Latest figures reveal that the value of tourism in West Lindsey was worth £133.26 million during 2018. The figures were revealed in the most recent STEAM report (a measurement of tourism), which showed an increase of 5.3 per cent from 2017.
West Lindsey is a district full of character and history with a variety of places to visit all year round. You’ll find picturesque villages and delightful hidden gems from the exquisite Gainsborough Old Hall to the untouched landscape of the Lincolnshire Wolds AONB. Faye Pudney, West Lindsey District Council’s Visitor Economy Officer said:
“Whether you’re a history hunter or looking to explore the great outdoors, there’s plenty to see and do in the district and these figures confirm this with 3.09 million visitors coming to West Lindsey during 2018.
“The visitor economy is vitally important to West Lindsey and with the 400th anniversary of the Mayflower coming up next year, we’re looking forward to inviting more visitors, both locally and internationally to the district.
“We are strengthening our partnerships with Visit Lincoln and Love Lincolnshire Wolds to expand the visitor offer.”
The news, has been welcomed by Cllr Paul Howitt-Cowan, member champion for tourism at West Lindsey District Council. He commented:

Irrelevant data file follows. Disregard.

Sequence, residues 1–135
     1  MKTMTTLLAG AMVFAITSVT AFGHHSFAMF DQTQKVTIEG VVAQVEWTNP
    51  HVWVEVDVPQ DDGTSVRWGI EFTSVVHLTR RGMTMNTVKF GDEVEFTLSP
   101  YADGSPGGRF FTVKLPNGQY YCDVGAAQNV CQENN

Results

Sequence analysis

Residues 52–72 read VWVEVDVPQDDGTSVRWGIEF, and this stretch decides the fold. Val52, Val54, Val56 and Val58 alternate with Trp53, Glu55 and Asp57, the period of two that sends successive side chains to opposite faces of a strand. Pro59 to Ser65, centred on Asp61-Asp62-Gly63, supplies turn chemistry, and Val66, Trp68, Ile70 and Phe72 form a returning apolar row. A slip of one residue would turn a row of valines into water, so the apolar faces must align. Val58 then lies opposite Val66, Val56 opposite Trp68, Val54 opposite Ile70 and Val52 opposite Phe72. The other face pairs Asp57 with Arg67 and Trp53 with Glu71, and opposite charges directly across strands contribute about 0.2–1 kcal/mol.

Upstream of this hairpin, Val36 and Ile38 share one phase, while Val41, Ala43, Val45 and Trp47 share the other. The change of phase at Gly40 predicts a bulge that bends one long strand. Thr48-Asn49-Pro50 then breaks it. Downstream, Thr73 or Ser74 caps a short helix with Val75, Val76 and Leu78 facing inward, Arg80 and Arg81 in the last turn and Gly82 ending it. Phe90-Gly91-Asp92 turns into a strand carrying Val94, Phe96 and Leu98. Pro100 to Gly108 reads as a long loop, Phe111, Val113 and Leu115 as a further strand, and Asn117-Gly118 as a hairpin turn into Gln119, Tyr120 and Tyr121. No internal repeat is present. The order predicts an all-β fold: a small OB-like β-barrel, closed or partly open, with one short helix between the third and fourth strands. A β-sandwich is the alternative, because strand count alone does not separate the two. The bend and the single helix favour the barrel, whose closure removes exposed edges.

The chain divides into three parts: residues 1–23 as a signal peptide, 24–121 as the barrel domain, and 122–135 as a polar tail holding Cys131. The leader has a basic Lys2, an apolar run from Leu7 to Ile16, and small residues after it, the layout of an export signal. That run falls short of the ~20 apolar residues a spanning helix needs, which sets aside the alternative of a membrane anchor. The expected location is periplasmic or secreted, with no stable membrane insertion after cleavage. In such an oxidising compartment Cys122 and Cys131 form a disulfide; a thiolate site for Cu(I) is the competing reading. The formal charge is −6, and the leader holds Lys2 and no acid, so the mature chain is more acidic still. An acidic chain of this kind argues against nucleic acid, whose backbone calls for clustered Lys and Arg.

“Visitors play a vital role in supporting more than 1,784 full time equivalent jobs locally. We have a number of great places to visit, so I am not surprised that we attracted more than 3 million visitors to West Lindsey in 2018.
“Our three historic market towns Caistor, Market Rasen and Gainsborough are all rich in heritage. And the launch of the commemorative year of the sailing of the Mayflower – I anticipate more visitors will follow.
“We also have the wonderful Lincolnshire Wolds – an area of outstanding natural beauty, right here in the district. So whether you want to enjoy a walking or cycling holiday or sit back and soak up the sights – I am sure there is something for everyone to enjoy.”
The STEAM (Scarborough Tourism Economic Assessment Model) report quantifies the local economic impact of tourism, from both staying and day visitors, through analysis and use of a variety of inputs including visitor attraction numbers, tourist accommodation bedstock, visitor expenditure levels, transport use levels and tourism-specific economic multipliers.
The report also revealed:
- 2.24 million tourism visits were made by day visitors generating £84.95 million for the local economy.
- Shopping and Food and Drink spend are particularly important, with these two categories accounting for 41.4% of all direct visitor expenditure.
- Visitors staying in the area as a part of a holiday or short break accounted for approximately 226 thousand visits and 849 thousand nights in local accommodation. In total staying visitors generate a total economic impact of £48.3 million for local businesses and communities with £5.25 million being spent on local accommodation, staying 3.6 nights on average.